And more importantly, I think that framing it in this way — as a type of cultural literacy — helps them learn how to integrate what they need from this culture as they navigate others. While they may not need to access original studies every day after college (most people don’t) they still need to understand how research and theory is used to understand the world, solve problems, and justify decisions if they are going to critically understand the world around them.  Problems come up when we treat the cultural assumptions of academia as absolute, static values, but being literate in that culture is useful.

But for some reason, I never combined this thought with culture is what people do until I was on the plane to San Francisco.

The result. 

I already had a substantial piece planned on the “3 peer-reviewed articles” requirement so it didn’t take more than tweaking to reframe the conversation in terms of culture, but it made a big difference.

Starting with culture is what people do

It is the material things, the social  ideas, the performative practices, and the emotional responses that we participate in, produce, resist, celebrate, deny or  ignore.  Culture is therefore the constituted amalgam of human activity — culture is what humans do

This definition comes from Understanding Cultural Geography by Jon Anderson, and I find it really useful thinking about libraries and infolit. Especially the top part — the material things, social ideas, performative practices and emotional responses about research, information and knowledge creation — that pretty much captures what I do, right?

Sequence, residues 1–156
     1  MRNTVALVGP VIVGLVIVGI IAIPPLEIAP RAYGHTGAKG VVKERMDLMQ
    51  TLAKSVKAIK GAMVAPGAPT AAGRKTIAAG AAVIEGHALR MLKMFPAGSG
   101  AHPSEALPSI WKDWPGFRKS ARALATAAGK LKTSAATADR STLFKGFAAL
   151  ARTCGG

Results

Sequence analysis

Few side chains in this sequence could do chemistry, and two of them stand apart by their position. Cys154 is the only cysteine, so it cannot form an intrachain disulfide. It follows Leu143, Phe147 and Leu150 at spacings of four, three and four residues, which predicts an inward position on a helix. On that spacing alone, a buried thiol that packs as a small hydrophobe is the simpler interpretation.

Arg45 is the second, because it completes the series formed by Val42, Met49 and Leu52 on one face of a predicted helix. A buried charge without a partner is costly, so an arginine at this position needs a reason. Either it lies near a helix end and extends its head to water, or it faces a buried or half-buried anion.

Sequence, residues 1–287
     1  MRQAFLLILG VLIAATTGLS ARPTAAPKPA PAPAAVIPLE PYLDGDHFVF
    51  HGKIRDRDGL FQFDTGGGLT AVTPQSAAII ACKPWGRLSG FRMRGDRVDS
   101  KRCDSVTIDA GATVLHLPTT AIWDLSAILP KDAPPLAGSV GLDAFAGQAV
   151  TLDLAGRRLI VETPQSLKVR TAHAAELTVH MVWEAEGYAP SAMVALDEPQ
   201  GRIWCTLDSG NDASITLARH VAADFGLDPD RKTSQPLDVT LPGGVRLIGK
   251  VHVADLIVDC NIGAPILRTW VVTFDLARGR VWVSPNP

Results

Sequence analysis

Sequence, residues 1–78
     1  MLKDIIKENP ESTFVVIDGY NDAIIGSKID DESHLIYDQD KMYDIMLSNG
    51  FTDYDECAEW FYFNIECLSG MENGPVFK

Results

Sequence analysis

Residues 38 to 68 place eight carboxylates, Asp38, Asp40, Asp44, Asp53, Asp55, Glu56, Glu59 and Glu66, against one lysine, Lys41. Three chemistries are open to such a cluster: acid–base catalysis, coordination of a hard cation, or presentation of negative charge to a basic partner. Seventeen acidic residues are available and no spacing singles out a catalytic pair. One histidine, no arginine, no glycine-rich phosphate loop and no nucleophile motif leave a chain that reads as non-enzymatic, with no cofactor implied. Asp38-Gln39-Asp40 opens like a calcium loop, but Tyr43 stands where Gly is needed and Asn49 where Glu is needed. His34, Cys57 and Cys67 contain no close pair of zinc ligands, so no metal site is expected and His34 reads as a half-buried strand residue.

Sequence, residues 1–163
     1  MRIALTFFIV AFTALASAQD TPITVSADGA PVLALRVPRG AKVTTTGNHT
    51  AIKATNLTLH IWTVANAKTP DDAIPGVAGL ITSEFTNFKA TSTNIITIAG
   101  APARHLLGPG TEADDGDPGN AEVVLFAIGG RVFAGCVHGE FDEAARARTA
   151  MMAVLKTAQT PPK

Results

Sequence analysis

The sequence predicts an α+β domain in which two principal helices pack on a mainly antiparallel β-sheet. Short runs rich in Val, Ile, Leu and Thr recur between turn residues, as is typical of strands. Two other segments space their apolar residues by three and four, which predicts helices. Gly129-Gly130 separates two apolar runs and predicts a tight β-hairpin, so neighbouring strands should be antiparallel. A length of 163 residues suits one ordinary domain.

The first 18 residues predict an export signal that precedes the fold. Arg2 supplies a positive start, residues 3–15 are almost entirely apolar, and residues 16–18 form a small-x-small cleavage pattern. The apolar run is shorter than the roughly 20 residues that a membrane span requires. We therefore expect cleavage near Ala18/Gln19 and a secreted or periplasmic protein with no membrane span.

And I had already generated a list of things that I thought students needed to know to understand peer review — I went through and reframed this around what people do:

1. Experts do original research. 2. They write articles reporting the results of individual studies. 3. Their studies examine specific things, not all aspects of a topic. 4. These reports are usually published in things called journals. 5. They make a particular type of argument. They’re not trying to win or end a conversation when they argue. 6. When these articles spark further investigation it’s a feature not a bug. 7. Their articles are written for other scholars. Language unclear to general audiences isn’t always a flaw. 8. They belong to professional communities called disciplines 9. They also review research perfumed by others in their discipline for quality. 10. They develop best practices or standards for conducting and reporting on research. These standards aren’t all the same. 12. When they review for quality they use these standards. 13. When they review for quality they don’t repeat the research to see if its true. 14. They continue examining and evaluating the quality of research after it’s published.

So going back to the 3 peer reviewed articles requirement.  I asked the faculty and librarians in this audience to brainstorm around this question:

What do first-year students need to know about what people do in this cultural space (the academy) in order to effectively find, read, evaluate, understand and use these sources?

And it took a minute, but the group ran with it.  They said students would need to know that people do research, they report it in journals, they review other research, they use a shared understanding of how knowledge is created to do these things, and so on.  And after 10 minutes or so of discussion, they’d at least touched on almost everything on my list.

I still went through every item on this list because I really do feel like all of these things are necessary if students are really going to find peer-reviewed sources (and know what to expect in them when they do find them) read and understand what they’re trying to communicate, use them meaningfully, and evaluate them against the standards they were trying to meet.